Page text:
Durbin Hears from Hospital Leaders on Local Impact of Republican Plan to Repeal Affordable Care Act
SPRINGFIELD – U.S. Senator Dick Durbin (D-IL) today met with hospital CEOs—including four from federally-designated Critical Access Hospitals – to discuss the local impact of congressional Republicans’ plans to repeal the Affordable Care Act (ACA). This month, Republican leaders took the first step in repealing the law by approving a budget that allows for major provisions of the ACA to be eliminated by simple majority vote. On Friday, President Trump signed an executive order giving federal agencies broad authority to undo regulations created by the ACA.
“Congressional Republicans are insisting on fully repealing the Affordable Care Act, without developing or enacting a replacement plan. In Illinois and nationwide, this strategy threatens to disrupt our entire healthcare system – subjecting patients, providers, hospitals, and insurers to chaos,” Durbin said. “We have more than 50 Critical Access Hospitals in Illinois that are heavily dependent on the Medicaid program and face the loss of billions in federal funding if Republicans are successful at repealing our health care system. I will continue fighting to protect the gains we have made under the ACA, and continue to support patients in need and the providers – like the Critical Access Hospital leaders that joined me today – that serve them.”
Congressional Republicans have said they will repeal and dismantle the Affordable Care Act through a procedural move called “reconciliation.” In the Senate, this allows Republicans to repeal the law with a simple majority vote, versus the normal 60 vote margin usually necessary to pass legislation. Last week, every House Republican in Illinois voted in favor of repealing the law without a replacement.
The Illinois Hospital Association estimates that repealing the ACA would result in losses of $11.6 to $13.1 billion in annual economic activity and 84,000 to 95,000 job losses throughout the state.
Today Durbin met with CEOs from the following Critical Access Hospitals: Carlinville Area Hospital, Pana Community Hospital, Hopedale Medical Center and Warner Hospital and Health Services in Clinton. He was also joined by the CEOs of Memorial Medical Center and SIU Medicine. According to the Illinois Hospital Association, the areas served by these hospitals would lose an estimated $900 million in annual economic activity and more than 6,500 jobs if the ACA is repealed.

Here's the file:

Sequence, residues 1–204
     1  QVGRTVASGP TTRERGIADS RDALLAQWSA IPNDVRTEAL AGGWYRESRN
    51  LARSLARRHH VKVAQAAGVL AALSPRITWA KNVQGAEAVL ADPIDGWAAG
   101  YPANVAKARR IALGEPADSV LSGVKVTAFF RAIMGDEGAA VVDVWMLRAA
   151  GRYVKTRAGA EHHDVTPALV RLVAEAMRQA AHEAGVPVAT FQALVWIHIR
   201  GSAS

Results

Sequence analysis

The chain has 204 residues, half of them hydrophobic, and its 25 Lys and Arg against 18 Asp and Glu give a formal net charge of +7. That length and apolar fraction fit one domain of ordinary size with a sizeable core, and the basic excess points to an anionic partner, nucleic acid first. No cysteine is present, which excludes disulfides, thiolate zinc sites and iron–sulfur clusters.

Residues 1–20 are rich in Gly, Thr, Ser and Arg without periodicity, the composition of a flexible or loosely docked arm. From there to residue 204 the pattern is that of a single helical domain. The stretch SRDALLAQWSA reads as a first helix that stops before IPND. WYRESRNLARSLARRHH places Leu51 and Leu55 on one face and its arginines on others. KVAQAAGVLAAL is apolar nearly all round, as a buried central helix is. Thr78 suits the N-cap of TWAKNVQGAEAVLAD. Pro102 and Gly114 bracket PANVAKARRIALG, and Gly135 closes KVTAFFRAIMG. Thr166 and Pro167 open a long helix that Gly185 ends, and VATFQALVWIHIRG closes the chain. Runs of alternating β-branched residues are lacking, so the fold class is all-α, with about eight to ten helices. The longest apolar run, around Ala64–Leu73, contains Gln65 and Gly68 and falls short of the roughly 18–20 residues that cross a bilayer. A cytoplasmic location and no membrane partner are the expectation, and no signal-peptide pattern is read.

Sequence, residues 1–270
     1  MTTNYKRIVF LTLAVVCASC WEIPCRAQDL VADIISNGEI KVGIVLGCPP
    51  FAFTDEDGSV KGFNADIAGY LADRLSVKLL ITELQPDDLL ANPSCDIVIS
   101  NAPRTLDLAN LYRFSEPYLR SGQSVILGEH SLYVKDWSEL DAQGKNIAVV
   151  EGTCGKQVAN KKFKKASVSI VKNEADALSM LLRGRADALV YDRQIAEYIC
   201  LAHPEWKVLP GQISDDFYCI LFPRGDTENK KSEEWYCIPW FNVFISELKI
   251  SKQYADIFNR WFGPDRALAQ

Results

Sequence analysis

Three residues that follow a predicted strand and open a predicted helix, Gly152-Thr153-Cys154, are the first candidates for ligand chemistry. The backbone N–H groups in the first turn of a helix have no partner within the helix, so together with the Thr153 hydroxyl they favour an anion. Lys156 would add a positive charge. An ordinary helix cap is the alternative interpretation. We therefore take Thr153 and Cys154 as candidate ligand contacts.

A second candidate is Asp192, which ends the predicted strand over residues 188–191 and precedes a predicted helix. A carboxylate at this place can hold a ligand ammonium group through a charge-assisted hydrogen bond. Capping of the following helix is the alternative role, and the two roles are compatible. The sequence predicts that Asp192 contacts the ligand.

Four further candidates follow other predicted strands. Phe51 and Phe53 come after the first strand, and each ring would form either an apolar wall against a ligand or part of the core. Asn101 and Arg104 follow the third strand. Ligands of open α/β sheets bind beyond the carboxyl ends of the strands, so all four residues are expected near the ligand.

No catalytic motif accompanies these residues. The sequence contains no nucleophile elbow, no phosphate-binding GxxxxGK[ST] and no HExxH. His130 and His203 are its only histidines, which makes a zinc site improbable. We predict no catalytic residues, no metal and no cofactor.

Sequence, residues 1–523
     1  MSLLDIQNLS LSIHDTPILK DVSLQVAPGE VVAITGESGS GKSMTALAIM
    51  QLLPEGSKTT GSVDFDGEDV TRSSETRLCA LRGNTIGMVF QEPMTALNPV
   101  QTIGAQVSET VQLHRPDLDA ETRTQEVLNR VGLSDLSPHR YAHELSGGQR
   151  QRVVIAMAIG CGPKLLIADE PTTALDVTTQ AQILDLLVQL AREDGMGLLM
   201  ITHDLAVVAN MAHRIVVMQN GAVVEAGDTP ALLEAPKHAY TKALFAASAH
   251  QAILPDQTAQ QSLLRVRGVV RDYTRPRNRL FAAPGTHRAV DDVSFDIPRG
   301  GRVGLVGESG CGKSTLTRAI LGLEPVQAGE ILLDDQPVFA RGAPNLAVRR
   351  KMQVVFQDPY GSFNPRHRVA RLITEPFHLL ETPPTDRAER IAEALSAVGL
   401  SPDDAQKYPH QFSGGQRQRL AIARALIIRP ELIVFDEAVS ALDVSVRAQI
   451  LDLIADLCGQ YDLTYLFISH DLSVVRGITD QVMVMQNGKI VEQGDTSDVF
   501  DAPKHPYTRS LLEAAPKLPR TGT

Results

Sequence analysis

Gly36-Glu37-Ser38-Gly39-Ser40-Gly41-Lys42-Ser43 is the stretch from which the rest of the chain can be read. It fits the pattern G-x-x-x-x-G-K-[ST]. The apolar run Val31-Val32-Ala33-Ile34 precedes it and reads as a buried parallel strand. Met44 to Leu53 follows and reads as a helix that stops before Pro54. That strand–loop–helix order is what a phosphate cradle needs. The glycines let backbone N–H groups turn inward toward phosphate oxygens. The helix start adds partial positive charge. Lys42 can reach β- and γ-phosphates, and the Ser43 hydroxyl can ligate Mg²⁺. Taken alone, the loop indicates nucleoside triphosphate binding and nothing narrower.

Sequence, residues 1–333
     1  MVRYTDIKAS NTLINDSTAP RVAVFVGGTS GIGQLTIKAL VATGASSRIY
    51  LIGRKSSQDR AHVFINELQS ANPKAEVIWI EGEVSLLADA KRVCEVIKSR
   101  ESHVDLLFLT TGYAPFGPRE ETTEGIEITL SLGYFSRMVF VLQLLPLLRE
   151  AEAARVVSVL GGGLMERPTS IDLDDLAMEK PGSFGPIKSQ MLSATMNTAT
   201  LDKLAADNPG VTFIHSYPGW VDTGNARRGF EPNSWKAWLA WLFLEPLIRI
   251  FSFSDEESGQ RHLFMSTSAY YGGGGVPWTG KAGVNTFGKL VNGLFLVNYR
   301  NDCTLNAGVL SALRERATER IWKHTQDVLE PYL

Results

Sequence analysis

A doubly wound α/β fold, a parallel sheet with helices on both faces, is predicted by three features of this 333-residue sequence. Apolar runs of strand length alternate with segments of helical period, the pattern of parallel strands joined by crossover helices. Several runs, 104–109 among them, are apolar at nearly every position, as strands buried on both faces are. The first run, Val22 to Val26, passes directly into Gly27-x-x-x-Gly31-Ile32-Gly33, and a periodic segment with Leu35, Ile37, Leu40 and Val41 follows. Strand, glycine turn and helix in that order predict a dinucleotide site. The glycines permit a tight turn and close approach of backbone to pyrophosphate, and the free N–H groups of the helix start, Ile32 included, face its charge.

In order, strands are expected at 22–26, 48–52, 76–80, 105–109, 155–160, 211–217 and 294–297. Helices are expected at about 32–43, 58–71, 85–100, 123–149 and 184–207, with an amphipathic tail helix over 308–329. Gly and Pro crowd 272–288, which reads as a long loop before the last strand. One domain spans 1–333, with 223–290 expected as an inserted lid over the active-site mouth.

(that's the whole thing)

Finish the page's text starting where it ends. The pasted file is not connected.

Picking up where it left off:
Because of the ACA, the uninsured rate in Illinois has fallen by 49 percent since the law’s enactment in 2010, meaning more than one million previously uninsured Illinoisans now have health insurance. Today, more than four million Illinoisans with employer-sponsored insurance no longer have annual or lifetime caps on their benefits, and more than 90,000 young adults in Illinois have benefitted from being able to stay on their parents’ health plan up to age 26.
Repealing without replacing the ACA would mean 1.2 million people in Illinois would lose health insurance, including 650,000 newly eligible/enrolled in Medicaid. Critical Access Hospitals are heavily dependent on the Medicaid program, and repealing health care would mean the loss of $37.4 billion in federal Medicaid spending for Illinois between 2019 and 2028. Nationally, more than 20 million people have gained health insurance because of the ACA. In 2015, the uninsured rate fell below 10 percent for the first time in our nation’s history.
Last week, the Congressional Budget Office (CBO) released a report estimating that individual market premiums would increase by 20-25 percent in the first new plan year. This increase would reach about 50 percent after the Medicaid expansion and subsidies are eliminated. Individual market premiums would about double by 2026. The report also found that the number of people who are uninsured would increase by 18 million in the first new plan year following repeal. That number would increase to 32 million by 2026. In addition, the Urban Institute found that the doubling number of uninsured would cause uncompensated care costs to skyrocket by $1.1 trillion over 2019-2028.
Previous Article Next Article